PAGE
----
- Along those lines, Fisher’s always one to use the offseason to prepare his body for the rigor of an NBA season, and said he began training about nine or ten days ago. “Just waking the body up again after a few weeks off, and starting to key in on some things that I want to improve on this offseason. That’s all I know how to do … I’m right back at it. I’m committed to being the best that I can be. I didn’t sign a three-year contract by accident because I fully expect to continue to help my team in a major way for the next three years.”
- That last quote may have been the most interesting from Fisher on the day, so we asked a follow-up question alluding to the fact that he’s brushed off any talk of retirement for the past two seasons, suggesting he wanted to keep playing for a while, wondering if that was a primary consideration with the contract he signed: “Definitely,” he said. “There was no desire just to sign a one-year contract and do it one year at a time. That’s not how my body feels, that’s not how my passion for helping this team feels, and so, regardless of who we have, what my role is, who’s coaching, whatever the situation is … for me personally I’m working hard to keep getting better. I’ll mend and mesh and adapt my abilities and talents based on the team that we have, and that’s the job we all have to do in the offseason as well as in the season. We have to come together for the common goal, and that’s winning titles.”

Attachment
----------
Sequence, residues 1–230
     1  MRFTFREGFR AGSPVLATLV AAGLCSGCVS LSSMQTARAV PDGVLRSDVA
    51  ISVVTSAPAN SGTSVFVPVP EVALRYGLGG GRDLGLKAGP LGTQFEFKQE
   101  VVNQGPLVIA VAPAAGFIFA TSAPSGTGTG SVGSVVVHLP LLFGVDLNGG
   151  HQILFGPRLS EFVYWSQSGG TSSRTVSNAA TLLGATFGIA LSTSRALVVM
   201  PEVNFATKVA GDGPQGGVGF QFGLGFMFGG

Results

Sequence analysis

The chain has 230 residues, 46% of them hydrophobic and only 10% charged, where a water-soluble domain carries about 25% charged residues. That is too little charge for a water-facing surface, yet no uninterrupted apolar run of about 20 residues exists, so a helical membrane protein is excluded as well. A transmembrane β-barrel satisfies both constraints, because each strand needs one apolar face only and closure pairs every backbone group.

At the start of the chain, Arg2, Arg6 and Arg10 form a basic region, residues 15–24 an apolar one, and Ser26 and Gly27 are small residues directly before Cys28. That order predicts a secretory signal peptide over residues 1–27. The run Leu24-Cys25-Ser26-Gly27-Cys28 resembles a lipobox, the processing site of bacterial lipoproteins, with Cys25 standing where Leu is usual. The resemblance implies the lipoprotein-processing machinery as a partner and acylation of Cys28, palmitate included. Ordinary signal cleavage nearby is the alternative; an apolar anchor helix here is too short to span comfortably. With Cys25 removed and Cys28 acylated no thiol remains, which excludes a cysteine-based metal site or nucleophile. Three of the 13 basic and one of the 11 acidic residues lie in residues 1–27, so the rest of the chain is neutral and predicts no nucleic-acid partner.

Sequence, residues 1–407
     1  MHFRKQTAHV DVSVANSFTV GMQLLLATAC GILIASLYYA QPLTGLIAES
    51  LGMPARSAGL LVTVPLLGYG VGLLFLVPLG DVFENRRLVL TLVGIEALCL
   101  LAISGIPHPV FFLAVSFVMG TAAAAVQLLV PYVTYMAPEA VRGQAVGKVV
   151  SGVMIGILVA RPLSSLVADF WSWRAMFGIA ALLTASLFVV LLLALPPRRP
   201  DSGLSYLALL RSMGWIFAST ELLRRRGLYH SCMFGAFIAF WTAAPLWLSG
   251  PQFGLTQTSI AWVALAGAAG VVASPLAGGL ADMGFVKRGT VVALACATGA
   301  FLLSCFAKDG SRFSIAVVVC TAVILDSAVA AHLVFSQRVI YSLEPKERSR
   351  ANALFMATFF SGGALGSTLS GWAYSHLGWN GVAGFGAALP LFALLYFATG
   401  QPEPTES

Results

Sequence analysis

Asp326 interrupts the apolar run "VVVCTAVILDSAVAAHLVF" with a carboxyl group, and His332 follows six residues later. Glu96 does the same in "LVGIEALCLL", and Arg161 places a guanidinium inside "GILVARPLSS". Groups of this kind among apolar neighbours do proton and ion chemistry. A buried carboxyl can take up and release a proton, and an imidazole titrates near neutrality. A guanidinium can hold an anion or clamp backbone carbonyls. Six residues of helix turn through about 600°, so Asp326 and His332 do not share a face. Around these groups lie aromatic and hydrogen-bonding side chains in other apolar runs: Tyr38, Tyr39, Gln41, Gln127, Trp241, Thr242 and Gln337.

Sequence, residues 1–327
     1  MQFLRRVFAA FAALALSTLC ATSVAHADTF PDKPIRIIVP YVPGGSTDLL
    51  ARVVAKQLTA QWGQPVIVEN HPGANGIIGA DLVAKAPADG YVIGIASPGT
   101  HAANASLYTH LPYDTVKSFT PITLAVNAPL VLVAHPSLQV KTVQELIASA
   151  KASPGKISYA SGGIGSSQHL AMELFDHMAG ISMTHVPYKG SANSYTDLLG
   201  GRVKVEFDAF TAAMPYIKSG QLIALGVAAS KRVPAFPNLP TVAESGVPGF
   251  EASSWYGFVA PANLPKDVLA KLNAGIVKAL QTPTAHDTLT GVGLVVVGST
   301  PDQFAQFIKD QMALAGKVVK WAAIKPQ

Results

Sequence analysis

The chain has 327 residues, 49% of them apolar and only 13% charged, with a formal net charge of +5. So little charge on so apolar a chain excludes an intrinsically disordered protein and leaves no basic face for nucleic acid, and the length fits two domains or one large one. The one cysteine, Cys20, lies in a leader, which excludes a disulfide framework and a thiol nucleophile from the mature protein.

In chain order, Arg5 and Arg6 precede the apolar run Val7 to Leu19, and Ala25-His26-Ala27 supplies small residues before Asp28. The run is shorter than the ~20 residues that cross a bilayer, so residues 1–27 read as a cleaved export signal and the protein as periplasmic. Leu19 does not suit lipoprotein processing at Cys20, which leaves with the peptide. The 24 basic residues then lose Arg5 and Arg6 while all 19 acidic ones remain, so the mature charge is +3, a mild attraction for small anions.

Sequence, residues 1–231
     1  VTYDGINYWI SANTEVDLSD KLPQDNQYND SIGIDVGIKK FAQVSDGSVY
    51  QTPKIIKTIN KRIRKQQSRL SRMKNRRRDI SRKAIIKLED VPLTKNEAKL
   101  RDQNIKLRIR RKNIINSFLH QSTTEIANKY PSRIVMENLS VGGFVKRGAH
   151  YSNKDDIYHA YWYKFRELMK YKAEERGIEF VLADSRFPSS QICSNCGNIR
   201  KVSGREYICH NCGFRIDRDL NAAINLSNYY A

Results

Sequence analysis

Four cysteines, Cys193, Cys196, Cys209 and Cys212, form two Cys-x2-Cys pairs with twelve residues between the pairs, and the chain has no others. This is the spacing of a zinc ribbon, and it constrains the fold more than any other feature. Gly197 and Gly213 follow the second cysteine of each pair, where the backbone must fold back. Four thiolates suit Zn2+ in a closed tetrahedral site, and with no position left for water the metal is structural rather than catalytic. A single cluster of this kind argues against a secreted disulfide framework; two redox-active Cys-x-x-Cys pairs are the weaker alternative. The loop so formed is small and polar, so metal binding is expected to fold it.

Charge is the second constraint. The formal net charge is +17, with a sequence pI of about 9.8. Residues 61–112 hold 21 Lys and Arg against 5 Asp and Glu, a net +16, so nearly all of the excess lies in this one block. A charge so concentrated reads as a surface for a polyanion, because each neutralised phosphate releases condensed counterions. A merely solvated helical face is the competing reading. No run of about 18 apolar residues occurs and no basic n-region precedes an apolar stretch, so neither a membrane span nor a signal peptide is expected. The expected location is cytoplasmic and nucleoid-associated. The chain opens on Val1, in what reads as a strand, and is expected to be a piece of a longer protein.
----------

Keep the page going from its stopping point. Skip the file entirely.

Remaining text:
- Fisher said he “seriously considered” his other free agency options before ultimately choosing the Lakers based on a few factors including his relationship with Kobe, the community and the city of Los Angeles.
- Fisher touched on the negotiation process with the team, neglecting to use a media-suggested word of “frustration,” and simply saying that he’s been around long enough to know how the process works.
- Generally, Fisher keeps his comments simple about new players out of respect for those that have left, but he did say that he thinks the pieces L.A. was able to add were “key for what we need.”
Black said that an agreement was in place, though the deal has yet to be signed.
Fisher cited his personal relationship with Kobe Bryant in particular in his statement: